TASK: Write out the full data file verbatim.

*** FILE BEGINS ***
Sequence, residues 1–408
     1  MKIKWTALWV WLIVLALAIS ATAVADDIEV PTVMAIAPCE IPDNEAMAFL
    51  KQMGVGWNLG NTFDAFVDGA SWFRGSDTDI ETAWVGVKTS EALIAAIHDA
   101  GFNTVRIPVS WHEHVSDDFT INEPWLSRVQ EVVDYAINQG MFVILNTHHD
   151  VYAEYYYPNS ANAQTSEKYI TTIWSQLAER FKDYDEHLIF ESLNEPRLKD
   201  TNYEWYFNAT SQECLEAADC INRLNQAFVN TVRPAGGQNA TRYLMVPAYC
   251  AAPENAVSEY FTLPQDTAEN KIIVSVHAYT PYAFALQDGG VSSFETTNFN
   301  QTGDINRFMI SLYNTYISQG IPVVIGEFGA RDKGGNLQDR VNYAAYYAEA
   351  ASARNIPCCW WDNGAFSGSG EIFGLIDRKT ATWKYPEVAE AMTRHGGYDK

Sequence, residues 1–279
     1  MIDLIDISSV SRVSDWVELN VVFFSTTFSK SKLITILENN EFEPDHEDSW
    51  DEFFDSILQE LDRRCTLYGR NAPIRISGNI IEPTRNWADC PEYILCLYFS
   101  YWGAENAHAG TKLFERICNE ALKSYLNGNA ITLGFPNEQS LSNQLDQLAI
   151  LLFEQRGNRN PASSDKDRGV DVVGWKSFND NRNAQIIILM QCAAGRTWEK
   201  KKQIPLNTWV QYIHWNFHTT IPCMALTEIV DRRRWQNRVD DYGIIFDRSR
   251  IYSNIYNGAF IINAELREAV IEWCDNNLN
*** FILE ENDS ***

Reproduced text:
Sequence, residues 1–408
     1  MKIKWTALWV WLIVLALAIS ATAVADDIEV PTVMAIAPCE IPDNEAMAFL
    51  KQMGVGWNLG NTFDAFVDGA SWFRGSDTDI ETAWVGVKTS EALIAAIHDA
   101  GFNTVRIPVS WHEHVSDDFT INEPWLSRVQ EVVDYAINQG MFVILNTHHD
   151  VYAEYYYPNS ANAQTSEKYI TTIWSQLAER FKDYDEHLIF ESLNEPRLKD
   201  TNYEWYFNAT SQECLEAADC INRLNQAFVN TVRPAGGQNA TRYLMVPAYC
   251  AAPENAVSEY FTLPQDTAEN KIIVSVHAYT PYAFALQDGG VSSFETTNFN
   301  QTGDINRFMI SLYNTYISQG IPVVIGEFGA RDKGGNLQDR VNYAAYYAEA
   351  ASARNIPCCW WDNGAFSGSG EIFGLIDRKT ATWKYPEVAE AMTRHGGYDK

Sequence, residues 1–279
     1  MIDLIDISSV SRVSDWVELN VVFFSTTFSK SKLITILENN EFEPDHEDSW
    51  DEFFDSILQE LDRRCTLYGR NAPIRISGNI IEPTRNWADC PEYILCLYFS
   101  YWGAENAHAG TKLFERICNE ALKSYLNGNA ITLGFPNEQS LSNQLDQLAI
   151  LLFEQRGNRN PASSDKDRGV DVVGWKSFND NRNAQIIILM QCAAGRTWEK
   201  KKQIPLNTWV QYIHWNFHTT IPCMALTEIV DRRRWQNRVD DYGIIFDRSR
   251  IYSNIYNGAF IINAELREAV IEWCDNNLN